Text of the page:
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dc.contributor.authorCordeiro, Sean
dc.description.abstractResearch shows that progressive discipline creates a positive school culture and supports students who are in violation of school drug and alcohol policies to reach their full potential by pairing inappropriate behaviour with appropriate consequences. There is little research available to show that zero tolerance policies meet either of these goals by applying the same punitive consequence to any student who violates the policy regardless of gravity of behavior, mitigating circumstances or situational context. When making school drug and alcohol policy dislocation theory and the transtheoretical model (TTM) should be considered. This paper includes a review of literature relating to best practices in relation to discipline and behavioral interventions for students who have substance use issues. It looks at different theoretical models such as TTM, dislocation theory, zero tolerance and progressive discipline. This capstone also documents the importance of considering TTM and dislocation theory when providing behavior interventions to students who use substances. It investigates what school districts are currently doing on local, national and international levels when dealing with students who are in violation of the school drug and alcohol policy and examines what the research says about the drug and alcohol policies school districts are currently using. Lastly, this paper uses the research to consider what are best practices in relation to discipline and behavioural interventions for students who have substance use issues.en_US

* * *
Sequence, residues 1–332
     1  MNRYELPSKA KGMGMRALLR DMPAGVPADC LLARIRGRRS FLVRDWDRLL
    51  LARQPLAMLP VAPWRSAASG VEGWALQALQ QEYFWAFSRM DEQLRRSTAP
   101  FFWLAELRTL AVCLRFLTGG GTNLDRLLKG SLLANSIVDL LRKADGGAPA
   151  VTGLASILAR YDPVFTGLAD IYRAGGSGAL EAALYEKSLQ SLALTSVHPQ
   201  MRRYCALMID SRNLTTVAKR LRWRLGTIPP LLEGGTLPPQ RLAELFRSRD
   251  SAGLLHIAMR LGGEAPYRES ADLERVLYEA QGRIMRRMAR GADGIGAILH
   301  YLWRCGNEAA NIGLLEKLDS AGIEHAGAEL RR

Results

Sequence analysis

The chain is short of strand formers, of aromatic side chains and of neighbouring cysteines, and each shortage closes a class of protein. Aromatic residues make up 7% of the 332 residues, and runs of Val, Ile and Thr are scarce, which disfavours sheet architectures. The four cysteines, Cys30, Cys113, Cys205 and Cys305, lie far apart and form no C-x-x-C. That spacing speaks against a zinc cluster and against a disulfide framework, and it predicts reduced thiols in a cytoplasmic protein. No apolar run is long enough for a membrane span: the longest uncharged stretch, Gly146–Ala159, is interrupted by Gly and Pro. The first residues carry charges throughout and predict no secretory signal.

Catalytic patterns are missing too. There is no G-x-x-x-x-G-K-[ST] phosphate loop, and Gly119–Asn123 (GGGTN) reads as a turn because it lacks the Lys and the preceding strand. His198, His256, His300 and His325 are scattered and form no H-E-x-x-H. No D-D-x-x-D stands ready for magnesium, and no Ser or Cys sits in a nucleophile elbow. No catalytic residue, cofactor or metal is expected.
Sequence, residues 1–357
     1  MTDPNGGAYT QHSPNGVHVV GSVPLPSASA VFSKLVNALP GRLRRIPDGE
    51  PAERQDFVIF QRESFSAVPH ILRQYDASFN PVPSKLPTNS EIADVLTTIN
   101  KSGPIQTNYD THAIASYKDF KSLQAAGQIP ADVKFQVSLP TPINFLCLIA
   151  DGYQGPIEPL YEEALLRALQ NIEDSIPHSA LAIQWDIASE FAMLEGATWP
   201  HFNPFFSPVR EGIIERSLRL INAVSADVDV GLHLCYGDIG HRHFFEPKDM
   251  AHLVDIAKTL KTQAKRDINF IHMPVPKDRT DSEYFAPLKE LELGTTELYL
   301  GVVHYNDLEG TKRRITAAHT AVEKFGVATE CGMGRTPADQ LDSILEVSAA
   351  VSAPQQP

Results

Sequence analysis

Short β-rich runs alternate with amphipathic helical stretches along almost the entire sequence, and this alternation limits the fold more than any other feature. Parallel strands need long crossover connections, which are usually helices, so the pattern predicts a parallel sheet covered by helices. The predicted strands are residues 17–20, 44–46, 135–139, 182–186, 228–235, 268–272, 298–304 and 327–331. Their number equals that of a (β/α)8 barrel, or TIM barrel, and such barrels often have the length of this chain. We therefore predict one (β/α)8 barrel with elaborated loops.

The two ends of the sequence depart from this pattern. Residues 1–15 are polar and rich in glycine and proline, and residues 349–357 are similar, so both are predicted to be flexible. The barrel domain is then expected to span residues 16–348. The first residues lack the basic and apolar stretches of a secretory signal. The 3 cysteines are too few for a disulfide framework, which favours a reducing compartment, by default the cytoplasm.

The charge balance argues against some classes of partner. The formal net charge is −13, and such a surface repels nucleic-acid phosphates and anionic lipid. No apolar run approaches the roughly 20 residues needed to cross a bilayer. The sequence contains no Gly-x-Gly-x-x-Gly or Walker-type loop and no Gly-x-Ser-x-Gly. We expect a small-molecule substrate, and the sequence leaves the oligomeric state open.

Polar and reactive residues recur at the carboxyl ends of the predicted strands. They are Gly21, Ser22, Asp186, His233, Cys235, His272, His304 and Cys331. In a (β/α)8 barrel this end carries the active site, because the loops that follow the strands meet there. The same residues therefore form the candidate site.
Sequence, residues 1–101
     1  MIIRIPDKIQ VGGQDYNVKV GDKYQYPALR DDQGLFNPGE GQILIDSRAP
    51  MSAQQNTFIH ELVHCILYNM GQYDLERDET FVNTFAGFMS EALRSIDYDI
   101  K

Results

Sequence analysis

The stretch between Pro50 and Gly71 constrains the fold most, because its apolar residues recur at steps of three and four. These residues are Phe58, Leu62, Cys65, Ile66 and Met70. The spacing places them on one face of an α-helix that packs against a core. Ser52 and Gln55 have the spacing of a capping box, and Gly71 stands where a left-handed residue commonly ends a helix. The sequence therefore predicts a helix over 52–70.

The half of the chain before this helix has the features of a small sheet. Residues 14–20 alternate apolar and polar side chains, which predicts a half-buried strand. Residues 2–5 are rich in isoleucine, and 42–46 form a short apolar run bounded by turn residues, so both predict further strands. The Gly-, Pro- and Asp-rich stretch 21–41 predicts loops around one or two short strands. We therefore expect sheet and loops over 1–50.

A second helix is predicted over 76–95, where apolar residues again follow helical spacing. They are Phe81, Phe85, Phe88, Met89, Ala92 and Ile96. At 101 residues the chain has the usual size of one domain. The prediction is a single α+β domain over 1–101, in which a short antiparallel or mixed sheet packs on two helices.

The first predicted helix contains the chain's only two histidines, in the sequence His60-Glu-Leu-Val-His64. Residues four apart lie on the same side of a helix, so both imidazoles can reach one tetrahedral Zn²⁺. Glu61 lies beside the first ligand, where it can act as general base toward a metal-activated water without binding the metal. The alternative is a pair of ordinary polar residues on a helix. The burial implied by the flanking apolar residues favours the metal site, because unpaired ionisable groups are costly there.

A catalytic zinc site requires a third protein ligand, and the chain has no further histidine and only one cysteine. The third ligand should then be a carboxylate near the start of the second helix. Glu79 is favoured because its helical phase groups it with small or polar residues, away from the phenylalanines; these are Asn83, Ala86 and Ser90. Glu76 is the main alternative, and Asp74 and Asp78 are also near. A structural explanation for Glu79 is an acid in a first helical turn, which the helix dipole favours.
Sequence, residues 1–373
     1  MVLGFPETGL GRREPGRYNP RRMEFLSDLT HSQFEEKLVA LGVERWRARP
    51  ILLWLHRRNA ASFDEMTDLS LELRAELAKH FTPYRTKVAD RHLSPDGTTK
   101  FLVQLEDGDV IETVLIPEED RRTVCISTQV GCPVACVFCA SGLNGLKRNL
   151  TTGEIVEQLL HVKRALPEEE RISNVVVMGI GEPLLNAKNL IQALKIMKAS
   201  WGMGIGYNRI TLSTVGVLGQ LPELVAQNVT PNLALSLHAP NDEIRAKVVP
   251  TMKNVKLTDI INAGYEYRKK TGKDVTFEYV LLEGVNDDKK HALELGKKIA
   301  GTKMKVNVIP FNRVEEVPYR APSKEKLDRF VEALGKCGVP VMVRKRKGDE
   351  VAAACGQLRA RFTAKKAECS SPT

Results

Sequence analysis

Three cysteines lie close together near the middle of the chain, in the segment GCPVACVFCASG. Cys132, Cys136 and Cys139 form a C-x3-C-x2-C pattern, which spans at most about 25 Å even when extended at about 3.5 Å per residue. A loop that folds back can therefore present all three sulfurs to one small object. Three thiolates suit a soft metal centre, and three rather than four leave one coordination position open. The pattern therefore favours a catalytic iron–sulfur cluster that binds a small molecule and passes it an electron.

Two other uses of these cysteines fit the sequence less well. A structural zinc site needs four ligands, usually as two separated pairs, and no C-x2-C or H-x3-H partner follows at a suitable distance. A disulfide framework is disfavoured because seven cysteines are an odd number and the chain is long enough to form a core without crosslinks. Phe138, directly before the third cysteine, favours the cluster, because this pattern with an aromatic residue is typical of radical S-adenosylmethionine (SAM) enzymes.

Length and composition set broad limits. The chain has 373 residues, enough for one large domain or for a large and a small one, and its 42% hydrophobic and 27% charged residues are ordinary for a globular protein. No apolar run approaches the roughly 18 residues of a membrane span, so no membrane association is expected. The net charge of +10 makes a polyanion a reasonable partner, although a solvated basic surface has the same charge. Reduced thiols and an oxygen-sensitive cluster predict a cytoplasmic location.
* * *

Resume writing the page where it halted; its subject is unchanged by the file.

dc.rightsAttribution-NonCommercial-NoDerivs 3.0 United States
dc.subjectProgressive disciplineen_US
dc.subjectSchool drug and alcohol policiesen_US
dc.subjectTranstheoretical modelen_US
dc.subjectSubstance abuse by youthen_US
dc.subject.lcshYouth--Substance use--Prevention
dc.subject.lcshSchool management and organization
dc.subject.lcshSchool discipline
dc.titleWhat are Best Practices when Addressing Students Who Have Substance Use Issues?en_US
dc.typeThesisen_US University of Seattleen_US of Educationen_US
cityu.schoolAlbright School of Educationen_US
cityu.siteVancouver, BCen_US

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Attribution-NonCommercial-NoDerivs 3.0 United States